Rio Tinto (NYSE:RIO) announced record earnings and dividends today as commodity prices continue to surge as the global economy starts to reopen. The company paid out over $9.1 billion in dividends to shareholders. The company’s stock also showed massive signs of growth, rising by 3% in the same day and moved up to a $138 billion market capitalization.
The rise in profits for the Anglo-Australian iron-ore mining company has been spurred on by rising demand for raw materials over the past year. According to recent reports, the average iron ore price rose to nearly $168.40 per dry metric ton, a near doubling from the raw price in 2020. This massive growth in price helped the miner’s yearly earnings increase from $4.75 billion in 2020 to nearly $12.17 billion in 2021, which was much higher than any analyst predicted.
Rio Tinto specializes in iron ore production, the key raw material necessary for the production of steel. The demand has been particularly from high China, who is one of the largest iron ore consumers on the planet. This is only projected to increase as China pushes for massive infrastructure development projects and as Brazil continues to struggle with supply problems, driving the price of steel through the roof.
The results on Wednesday also came during a transitional period for the company, after its former chief executive Jean Sebastian Jacques controversially stepped down last year. Since the new Chief Executive Officer Jakob Stausholm took over, the surge in prices have boded well for Rio Tinto’s future even as it struggled with some internal production issues.
Many of these production issues are similar to the ones many other manufacturers have dealt with during the COVID-19 pandemic. Due to restrictions on non-essential labour in numerous countries, the company has often found it difficult to get their workforce on site, which led to massive issues in its copper development project in Mongolia and its iron ore mining production in Western Australia.
Rio Tinto’s CEO recently stated: “In the first half we experienced too much operational instability. We have to sharpen the consistency of our performance. While today’s results clearly demonstrate the underlying quality of our asset base, our operational performance clearly is not where it has been in the past or where we want it to be.”
The company aims to further use their profits not only to fill the pockets of shareholders, but to invest in production capabilities in newer green energy projects. Just this Tuesday, it announced a massive $2.4 billion spending initiative for a lithium mine in Serbia. Lithium is one of the primary materials used for rechargeable batteries and aims to diversify their product lines.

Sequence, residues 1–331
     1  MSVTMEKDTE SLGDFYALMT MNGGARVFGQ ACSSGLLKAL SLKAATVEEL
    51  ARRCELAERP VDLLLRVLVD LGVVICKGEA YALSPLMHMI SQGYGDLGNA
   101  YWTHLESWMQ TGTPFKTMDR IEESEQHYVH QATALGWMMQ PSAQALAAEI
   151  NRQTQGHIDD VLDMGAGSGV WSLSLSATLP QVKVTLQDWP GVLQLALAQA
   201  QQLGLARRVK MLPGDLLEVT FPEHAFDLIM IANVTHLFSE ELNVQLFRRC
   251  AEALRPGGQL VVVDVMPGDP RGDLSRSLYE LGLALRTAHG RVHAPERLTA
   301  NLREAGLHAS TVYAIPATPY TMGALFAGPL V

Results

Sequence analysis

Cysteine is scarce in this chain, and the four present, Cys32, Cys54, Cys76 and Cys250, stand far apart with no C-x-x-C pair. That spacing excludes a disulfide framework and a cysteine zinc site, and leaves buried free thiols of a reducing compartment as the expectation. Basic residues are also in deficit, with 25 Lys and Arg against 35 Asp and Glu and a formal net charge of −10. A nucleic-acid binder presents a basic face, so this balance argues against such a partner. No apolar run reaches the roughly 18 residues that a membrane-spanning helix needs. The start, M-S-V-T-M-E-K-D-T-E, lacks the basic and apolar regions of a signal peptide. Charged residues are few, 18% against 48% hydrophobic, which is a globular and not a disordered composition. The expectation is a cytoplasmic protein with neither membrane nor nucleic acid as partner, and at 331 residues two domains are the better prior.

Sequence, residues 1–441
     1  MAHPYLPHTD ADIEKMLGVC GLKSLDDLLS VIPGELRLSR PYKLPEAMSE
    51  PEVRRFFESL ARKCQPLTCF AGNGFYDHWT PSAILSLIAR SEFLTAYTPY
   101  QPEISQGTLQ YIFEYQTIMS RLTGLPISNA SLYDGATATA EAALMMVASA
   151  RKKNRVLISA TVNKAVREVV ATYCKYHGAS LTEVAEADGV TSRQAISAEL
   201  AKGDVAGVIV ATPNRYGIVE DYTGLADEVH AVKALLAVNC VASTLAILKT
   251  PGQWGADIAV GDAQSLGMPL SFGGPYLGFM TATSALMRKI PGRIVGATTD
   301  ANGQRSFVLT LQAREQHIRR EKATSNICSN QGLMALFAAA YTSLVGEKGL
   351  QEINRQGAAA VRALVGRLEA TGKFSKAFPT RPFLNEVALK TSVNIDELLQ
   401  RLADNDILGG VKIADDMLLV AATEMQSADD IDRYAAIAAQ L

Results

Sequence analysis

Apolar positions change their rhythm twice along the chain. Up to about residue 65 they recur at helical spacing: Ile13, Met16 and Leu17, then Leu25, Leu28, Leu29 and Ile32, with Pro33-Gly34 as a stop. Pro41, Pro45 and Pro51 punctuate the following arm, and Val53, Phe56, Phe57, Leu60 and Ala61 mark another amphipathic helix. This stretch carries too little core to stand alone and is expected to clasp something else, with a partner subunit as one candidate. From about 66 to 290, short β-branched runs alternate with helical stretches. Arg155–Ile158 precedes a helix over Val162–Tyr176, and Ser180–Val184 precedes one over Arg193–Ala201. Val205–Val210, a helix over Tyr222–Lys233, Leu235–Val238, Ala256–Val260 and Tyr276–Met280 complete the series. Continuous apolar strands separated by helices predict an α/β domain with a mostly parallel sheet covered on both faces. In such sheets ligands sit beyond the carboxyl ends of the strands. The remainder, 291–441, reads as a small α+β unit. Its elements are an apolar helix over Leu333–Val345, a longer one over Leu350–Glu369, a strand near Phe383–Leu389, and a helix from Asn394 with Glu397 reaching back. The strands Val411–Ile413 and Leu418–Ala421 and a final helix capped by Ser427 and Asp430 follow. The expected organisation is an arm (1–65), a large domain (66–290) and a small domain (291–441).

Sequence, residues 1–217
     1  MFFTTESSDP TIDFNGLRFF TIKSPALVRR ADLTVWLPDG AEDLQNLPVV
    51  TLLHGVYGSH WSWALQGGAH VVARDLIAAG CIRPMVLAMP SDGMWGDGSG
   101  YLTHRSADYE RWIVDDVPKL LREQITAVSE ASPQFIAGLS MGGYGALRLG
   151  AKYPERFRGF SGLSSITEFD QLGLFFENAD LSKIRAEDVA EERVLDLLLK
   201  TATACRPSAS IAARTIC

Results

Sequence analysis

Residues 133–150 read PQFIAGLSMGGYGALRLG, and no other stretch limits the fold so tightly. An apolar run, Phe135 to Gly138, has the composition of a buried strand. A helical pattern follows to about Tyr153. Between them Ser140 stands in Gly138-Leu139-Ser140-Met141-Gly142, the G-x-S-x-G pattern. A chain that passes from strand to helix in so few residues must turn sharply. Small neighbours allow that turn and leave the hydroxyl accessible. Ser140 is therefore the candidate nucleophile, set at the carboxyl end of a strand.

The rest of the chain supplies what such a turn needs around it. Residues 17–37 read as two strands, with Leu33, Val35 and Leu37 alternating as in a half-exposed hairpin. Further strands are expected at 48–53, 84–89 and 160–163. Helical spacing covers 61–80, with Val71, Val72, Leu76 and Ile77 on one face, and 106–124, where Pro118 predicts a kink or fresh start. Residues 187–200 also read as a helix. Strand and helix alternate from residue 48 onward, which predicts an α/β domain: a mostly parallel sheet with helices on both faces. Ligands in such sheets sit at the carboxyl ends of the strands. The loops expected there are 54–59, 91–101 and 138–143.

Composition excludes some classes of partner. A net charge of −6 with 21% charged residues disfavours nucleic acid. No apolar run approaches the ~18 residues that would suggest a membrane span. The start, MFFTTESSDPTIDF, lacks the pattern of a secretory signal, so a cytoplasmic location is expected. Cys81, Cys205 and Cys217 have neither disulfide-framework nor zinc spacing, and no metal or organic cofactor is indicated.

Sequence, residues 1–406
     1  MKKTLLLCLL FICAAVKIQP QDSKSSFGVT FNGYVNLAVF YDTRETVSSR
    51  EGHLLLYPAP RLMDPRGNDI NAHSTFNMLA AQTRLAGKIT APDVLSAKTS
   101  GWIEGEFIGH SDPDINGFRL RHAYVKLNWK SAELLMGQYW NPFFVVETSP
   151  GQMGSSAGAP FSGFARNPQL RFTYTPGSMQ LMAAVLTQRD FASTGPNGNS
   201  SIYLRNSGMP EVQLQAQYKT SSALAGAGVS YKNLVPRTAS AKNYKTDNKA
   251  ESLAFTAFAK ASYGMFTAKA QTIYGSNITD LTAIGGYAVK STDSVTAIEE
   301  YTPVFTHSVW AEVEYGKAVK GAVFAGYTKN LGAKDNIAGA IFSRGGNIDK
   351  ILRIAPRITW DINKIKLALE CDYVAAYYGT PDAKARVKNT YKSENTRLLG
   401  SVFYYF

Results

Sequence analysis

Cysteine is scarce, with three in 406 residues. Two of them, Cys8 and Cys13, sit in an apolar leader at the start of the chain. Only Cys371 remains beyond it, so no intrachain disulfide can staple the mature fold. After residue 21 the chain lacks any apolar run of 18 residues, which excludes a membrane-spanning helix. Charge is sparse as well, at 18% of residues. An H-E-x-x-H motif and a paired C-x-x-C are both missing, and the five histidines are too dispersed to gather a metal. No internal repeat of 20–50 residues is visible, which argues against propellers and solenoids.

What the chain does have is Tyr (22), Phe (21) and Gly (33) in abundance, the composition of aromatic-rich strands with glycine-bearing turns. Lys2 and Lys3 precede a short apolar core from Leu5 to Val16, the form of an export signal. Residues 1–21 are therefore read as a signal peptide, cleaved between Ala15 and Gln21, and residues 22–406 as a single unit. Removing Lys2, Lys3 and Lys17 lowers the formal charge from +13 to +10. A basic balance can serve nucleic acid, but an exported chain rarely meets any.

Jefferies analyst Christopher La Femina commented on the company’s plans, saying: “Rio appears to be shifting from austerity and capital returns to more of a focus on growth. While Rio had some operational issues in the period, the big picture here is that these are stellar financial results.”
With the promising dividends and growth in raw materials prices and their increased infrastructure investment, Rio Tinto’s massive profits could continue to grow for 2021.
This is set to be a big week for mining earnings, as some of the world’s biggest mining companies will begin to show the market exactly how much this commodity boom is helping. This week will see the top five western diversified mining companies report earnings, and investors should be watching for record profits that could drive dividend payouts to match.
Analysts estimates show that the top five miners may have raked in a combined $85 billion in the first half of 2021, double the number from 2020. Of course, lockdowns and supply chain meltdowns had serious effects on earnings last year. As processes slowed to a halt and demand dropped off a cliff, mining companies mainly were sitting on their hands like the rest of the economy.
However, the latter part of 2020 saw engines start up and restrictions lifted in many mining-friendly jurisdictions, and 2021 has accelerated the commodity price gains from last year.
The first to report on Wednesday will be Rio Tinto Group and is expected to announce $22 billion in profits for the first half of the year, equalling the same amount as its total profits in 2020.
Other companies such as Glencore, Anglo American, and Vale SA were also expected to post massive profits for the first six months of 2021, and possibly their highest-ever numbers for the six months to June period, according to estimates from analysts compiled by Bloomberg.
The sector has seen a revival of its activities faster than most other sectors of the economy as the industry has been one of the primary beneficiaries of the recovery stimulus injected into the global economy. With trillions of dollars in recovery packages going out, demand for commodities has bounced off 2020 lows to skyrockets higher every single month. Demand for commodities like iron ore, aluminum, steel, and copper are driving prices higher every week while inflation pressures continue to spread through the economy.